What is transformative leadership?

The art of initiating and sustaining organizational change

Transformative Leadership is the best way to deal with uncertainty and execute the desired change. Over the last decades, the understanding of both practitioners and scholars of what modern leadership is has changed a lot. Traditional approaches to leadership do not meet the needs of potential change makers. Nor do they fit into forward-oriented organizations.

But what can we expect from the future of leadership?  It is necessary to look at what has been changing in the way organizations organize power and decision making. Basically, all traditional approaches primarily turn to two aspects:

  1. How much authority should the manager possess or give away?
  2. How much autonomy should be granted to subordinates?

Leadership models are not about how much control they grant to others. This does not mirror the complexity of modern, globalized organizations. Even the most well-indented empowerment initiatives will result in failure if we don’t question the underlying power mechanisms.

The Classic Models do not work anymore

It is counterproductive to incrementally improve classical leadership approaches.  At best, this will result in a New Work Make-Up to meet the demands of the corporate zeitgeist. However, this has very little to do with real agilization of processes. Holistic change requires to question the reigning leadership paradigm.

Underneath those initiatives, the Taylorian view often prevails: Thinking is done at the top and execution is done at the bottom. More often than not, it’s just a matter of shifting the sliders a bit from left to right depending who is in charge.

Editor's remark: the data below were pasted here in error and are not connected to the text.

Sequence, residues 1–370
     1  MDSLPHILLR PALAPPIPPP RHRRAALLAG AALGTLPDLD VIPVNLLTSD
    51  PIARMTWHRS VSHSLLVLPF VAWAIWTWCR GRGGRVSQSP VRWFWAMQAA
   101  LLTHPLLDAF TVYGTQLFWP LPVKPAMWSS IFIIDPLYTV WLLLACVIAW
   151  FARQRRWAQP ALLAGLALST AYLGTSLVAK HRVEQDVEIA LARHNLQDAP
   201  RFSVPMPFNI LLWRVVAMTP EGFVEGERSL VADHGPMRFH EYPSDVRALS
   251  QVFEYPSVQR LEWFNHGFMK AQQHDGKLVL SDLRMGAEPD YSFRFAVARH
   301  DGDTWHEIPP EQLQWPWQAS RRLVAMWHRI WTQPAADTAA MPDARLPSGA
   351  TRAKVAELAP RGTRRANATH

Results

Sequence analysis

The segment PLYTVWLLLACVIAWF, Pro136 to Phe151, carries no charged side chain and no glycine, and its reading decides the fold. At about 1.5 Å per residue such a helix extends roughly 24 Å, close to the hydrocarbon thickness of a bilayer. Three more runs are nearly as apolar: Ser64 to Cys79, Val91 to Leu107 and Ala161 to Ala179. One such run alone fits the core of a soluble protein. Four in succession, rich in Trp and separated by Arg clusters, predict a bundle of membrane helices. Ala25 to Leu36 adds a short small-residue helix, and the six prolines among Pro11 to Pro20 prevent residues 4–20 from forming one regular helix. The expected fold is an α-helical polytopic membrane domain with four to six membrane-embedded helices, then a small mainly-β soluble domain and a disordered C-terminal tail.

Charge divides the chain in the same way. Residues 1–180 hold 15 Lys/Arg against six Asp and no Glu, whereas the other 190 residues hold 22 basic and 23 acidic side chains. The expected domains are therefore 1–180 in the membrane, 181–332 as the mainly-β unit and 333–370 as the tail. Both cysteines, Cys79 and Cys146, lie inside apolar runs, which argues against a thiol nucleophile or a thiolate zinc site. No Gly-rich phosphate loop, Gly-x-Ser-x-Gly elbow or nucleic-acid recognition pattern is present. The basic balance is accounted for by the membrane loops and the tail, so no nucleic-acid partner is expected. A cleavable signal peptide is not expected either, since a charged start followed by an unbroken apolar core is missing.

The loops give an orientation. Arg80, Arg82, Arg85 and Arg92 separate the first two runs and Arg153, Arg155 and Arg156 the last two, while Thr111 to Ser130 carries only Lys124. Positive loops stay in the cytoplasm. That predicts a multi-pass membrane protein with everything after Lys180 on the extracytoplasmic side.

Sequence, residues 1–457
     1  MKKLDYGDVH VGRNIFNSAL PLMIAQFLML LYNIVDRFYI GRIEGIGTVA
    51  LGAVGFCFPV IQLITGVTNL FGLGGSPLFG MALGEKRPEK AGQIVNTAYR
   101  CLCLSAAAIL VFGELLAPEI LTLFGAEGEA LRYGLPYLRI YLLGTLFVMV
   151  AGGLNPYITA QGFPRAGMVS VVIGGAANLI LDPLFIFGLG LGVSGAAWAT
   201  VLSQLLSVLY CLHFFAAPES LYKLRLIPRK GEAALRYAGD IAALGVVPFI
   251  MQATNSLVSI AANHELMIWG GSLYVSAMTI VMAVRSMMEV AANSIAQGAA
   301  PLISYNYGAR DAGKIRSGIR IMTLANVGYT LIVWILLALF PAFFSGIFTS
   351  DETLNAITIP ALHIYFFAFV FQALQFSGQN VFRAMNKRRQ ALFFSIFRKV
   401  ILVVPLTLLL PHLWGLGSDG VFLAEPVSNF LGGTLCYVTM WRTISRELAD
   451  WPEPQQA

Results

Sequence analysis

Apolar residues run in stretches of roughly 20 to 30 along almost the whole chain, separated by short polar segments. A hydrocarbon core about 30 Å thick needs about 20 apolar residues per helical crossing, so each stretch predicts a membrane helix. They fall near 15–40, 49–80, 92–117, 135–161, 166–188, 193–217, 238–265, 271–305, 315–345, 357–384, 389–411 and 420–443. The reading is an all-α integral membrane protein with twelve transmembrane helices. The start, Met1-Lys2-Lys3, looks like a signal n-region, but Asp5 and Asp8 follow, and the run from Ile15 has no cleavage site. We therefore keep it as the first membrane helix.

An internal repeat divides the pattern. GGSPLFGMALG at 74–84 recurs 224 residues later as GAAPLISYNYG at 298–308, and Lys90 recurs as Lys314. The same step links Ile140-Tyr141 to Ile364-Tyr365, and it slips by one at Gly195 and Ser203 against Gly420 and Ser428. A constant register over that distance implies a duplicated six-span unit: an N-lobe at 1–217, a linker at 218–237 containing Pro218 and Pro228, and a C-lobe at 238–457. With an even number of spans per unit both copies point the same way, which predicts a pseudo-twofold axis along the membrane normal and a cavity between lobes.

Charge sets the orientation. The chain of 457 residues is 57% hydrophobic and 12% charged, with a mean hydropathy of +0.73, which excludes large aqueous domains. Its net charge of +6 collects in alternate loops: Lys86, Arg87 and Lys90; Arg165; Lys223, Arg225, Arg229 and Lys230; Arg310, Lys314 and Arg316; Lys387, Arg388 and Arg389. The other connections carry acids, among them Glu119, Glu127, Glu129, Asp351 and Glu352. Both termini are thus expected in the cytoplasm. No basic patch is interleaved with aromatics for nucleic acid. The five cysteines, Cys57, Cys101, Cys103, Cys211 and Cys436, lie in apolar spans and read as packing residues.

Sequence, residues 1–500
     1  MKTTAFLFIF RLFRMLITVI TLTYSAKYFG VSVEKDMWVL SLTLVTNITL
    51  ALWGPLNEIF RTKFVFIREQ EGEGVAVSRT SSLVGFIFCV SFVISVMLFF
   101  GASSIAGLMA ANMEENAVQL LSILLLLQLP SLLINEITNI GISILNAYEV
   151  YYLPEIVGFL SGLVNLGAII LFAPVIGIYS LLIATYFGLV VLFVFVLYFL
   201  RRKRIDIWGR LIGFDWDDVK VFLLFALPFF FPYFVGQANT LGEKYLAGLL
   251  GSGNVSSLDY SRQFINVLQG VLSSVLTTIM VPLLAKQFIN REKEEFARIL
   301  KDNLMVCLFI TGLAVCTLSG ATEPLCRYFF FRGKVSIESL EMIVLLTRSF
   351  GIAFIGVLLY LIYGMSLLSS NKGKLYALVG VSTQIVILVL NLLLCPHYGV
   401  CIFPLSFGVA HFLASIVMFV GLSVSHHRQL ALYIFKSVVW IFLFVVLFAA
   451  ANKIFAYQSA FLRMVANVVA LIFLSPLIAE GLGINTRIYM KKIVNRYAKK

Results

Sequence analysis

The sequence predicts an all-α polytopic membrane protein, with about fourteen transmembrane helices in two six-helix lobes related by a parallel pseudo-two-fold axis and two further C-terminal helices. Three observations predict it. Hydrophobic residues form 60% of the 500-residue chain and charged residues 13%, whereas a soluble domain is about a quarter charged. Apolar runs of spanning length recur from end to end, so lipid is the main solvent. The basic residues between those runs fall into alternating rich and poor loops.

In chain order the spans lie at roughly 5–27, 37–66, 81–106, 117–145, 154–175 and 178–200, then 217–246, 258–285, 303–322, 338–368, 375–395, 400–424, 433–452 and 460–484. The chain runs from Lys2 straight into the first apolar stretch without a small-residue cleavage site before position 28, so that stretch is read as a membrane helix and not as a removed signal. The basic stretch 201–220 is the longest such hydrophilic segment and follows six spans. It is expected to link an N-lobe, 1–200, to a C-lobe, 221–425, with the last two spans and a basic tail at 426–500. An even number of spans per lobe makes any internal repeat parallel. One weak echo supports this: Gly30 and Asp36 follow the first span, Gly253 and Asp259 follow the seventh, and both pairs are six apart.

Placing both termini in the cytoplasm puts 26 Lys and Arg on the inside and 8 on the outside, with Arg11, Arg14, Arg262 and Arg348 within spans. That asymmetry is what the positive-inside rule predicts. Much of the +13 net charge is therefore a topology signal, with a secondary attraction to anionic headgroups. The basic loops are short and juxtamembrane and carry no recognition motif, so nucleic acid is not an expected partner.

If you really want to rethink leadership, you can no longer assume that leadership is limited to one charismatic person on top. The world has become far too complex to be controlled by a few powerful leaders who will ultimately make all the decisions. In particular, today’s leaders need to adapt to situations and problems that often emerge over time. There is no clear course of action.

In the future, it is quite likely that this condition will become even stronger. The recent pandemic has shown us that many situations get far too complex too quickly for single decision makers to handle. We have to accept the fact that we are moving at full speed from VUCA to Super-VUCA. And now that we are facing an increasing number of complex problems, we must distribute decisions among many more roles.


In all frankness, this shift involves an open discussion about the exercise and distribution of power in the first place. If we are not willing to name the effects of the status games, nothing will change. But that alone will not be enough, of course. Instead of focusing on the skills of individuals we need to shift to the capabilities, relationships, behaviors, and practices of an entire team.